On July 6, Jim walked from hospital to a world vastly changed from the one he left on March 28, when people were still waking up to the crisis to come.
Unconscious through the worst of his stay, Jim is spared the memories of his near demise, but for his adult children, Jason and Susan, recounting the journey is enough to bring them to tears.
“That was the worst six weeks of our lives, mate,” Jason says of his father’s time in ICU, when no one could visit.
“The last conversation we had I said, ‘Dad, you’ve always told us to be strong. Now it’s your turn. What you told me is what I’m telling you.’
“I said, ‘I know you’re struggling to talk, but I want you to listen: me and Susan, we want to thank you for everything you’ve done for us. We love you. We will always love you. But you’ve got to fight now. You make sure we see each other again.’
“I was preparing for those words to be the last words I ever spoke to my dad.”
Jason and Susan cannot pinpoint where their father, who has always been active, picked up the virus but they know it hit him fast. One day he was visiting the doctor with mild pains and flu-like symptoms and by the next evening, they were being told he might not make it to morning.
“Here we are about to lose my dad,” Susan says. “My brother was in isolation [because he had been in contact with Jim] and we couldn’t even grieve together. We’ve got dad dealing with it by himself. And then you’ve got the rest of the family dealing with it by themselves.
“This is at that time when you need someone to give you a hug but there’s no one there. That’s what makes this so horrible.”
In what became typical in the “rollercoaster” journey, Jim inched back from the brink.
Once off the ventilator, he was barely responsive and there were fears he might have suffered a stroke. Jason became something of a translator, asking his father questions in Maltese and directing him to blink his answers. The brain, beneath the fog, was still okay.
Jim lost about 18 kilograms in ICU and was so weak he had to relearn basic activities in rehabilitation, but “he never gave up”, says ICU liaison Linda Williams, speaking on behalf of the large Sunshine Hospital and Allied Health teams.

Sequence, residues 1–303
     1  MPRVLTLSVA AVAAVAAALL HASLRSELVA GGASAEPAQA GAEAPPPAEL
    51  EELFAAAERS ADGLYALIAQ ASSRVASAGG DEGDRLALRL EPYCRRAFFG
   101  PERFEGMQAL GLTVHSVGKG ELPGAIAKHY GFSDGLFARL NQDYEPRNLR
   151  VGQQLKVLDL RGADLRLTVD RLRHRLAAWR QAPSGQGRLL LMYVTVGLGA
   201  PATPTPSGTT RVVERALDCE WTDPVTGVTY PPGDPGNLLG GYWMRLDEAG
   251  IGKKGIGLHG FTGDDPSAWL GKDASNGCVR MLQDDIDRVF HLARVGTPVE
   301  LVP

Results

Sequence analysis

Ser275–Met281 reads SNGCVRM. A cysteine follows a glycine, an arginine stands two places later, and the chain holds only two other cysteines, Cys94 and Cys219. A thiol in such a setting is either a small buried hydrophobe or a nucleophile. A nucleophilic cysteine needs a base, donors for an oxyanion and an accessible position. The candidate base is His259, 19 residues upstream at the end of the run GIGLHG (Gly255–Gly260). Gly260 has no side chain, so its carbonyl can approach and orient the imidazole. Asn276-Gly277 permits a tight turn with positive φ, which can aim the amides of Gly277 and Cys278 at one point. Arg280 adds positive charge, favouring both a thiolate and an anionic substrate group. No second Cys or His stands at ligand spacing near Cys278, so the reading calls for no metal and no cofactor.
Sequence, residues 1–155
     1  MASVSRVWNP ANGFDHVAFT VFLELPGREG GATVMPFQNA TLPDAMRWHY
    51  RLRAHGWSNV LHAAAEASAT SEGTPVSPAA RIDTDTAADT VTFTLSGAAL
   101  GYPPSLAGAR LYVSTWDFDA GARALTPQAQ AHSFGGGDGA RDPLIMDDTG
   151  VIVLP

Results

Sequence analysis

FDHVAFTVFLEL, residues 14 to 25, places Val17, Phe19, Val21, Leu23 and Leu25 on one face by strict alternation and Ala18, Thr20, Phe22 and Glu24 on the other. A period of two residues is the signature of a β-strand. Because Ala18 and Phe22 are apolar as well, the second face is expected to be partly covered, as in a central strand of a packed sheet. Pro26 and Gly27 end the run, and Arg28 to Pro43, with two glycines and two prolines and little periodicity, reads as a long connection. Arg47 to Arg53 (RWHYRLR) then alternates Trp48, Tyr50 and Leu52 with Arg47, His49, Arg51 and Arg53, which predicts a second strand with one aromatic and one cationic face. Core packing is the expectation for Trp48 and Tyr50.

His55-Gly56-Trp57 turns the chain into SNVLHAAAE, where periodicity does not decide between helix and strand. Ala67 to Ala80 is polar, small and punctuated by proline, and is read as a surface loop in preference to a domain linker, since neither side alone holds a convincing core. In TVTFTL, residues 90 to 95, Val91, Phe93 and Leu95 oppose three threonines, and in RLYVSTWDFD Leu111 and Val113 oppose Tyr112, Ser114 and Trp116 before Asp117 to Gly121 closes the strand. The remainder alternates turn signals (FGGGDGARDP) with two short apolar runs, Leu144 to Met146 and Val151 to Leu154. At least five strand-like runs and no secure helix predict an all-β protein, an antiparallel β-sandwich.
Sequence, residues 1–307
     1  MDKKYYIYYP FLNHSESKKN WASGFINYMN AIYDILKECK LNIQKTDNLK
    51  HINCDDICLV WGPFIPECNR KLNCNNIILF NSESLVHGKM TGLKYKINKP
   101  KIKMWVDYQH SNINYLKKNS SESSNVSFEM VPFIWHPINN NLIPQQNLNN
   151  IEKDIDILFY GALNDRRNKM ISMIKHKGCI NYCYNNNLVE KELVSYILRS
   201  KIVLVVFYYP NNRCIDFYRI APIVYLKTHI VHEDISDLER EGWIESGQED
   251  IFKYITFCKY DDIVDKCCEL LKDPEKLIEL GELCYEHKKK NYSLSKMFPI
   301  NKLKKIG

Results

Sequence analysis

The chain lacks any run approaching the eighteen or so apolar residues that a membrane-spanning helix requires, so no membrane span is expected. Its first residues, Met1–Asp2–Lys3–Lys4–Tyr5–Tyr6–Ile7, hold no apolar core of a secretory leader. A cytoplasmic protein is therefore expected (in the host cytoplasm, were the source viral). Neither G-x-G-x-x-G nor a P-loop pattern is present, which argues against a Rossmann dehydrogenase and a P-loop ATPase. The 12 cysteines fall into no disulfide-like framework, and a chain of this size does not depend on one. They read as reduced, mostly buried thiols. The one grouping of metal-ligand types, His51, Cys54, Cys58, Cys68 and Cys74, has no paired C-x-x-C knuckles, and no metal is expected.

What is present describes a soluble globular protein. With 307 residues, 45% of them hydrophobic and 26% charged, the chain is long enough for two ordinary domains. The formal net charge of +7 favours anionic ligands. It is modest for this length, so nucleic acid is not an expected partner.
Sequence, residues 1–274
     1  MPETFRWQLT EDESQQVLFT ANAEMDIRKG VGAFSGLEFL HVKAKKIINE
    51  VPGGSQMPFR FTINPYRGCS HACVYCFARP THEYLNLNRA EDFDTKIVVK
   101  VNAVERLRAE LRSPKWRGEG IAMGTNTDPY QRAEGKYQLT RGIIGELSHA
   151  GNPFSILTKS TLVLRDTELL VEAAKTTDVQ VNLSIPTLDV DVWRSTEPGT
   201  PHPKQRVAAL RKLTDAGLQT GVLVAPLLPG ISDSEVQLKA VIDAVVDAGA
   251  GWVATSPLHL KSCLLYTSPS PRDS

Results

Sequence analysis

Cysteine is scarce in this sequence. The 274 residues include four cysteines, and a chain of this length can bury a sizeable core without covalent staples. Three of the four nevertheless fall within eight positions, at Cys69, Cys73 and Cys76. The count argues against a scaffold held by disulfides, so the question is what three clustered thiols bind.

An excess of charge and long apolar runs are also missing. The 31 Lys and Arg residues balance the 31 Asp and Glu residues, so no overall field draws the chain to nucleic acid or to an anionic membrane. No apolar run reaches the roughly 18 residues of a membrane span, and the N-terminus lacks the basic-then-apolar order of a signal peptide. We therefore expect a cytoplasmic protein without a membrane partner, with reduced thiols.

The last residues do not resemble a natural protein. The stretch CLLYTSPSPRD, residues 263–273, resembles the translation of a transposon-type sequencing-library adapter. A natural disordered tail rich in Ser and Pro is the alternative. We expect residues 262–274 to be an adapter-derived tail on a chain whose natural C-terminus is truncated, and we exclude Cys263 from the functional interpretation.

“He was extremely determined and positive and did everything he was asked … he was always looking for the next step.
“To be that sick and make it through is an immense effort and achievement on his part and the people working for him.”
Jim was the hospital’s first COVID-19 case requiring intensive care and from his many ups and downs, the staff refined how they would help those who came later. This included the use of video-calling, even while Jim was unresponsive, to connect him to loved ones.
Ms Williams said doctors also learned from Jim’s tracheostomy, a particularly risky procedure for staff because it causes the expulsion of aerosols from patients’ throats.
Jim is now back home in Melton, rebuilding his strength. His lungs are shot, his family says, and the fight goes on. But in Jim’s limited English: “I had to build my body again. Now, not bad.”
Even though he is still weak, “he’s telling me off again and it’s great,” Jason says. “He’s back to his old attitude and that makes me happy.”
The Fenechs are a private family and before today had only shared their story with close friends and family. They spoke to The Sunday Age and The Sun-Herald in the hope it would prompt others to take the virus seriously and to publicly thank the hospital staff who gave Jim a second chance at life.
“The nurses and the doctors, terrific,” Jim says. “Believe me, my friend. Terrific.”
Zach is a reporter at The Age. Got a story? Email me at firstname.lastname@example.org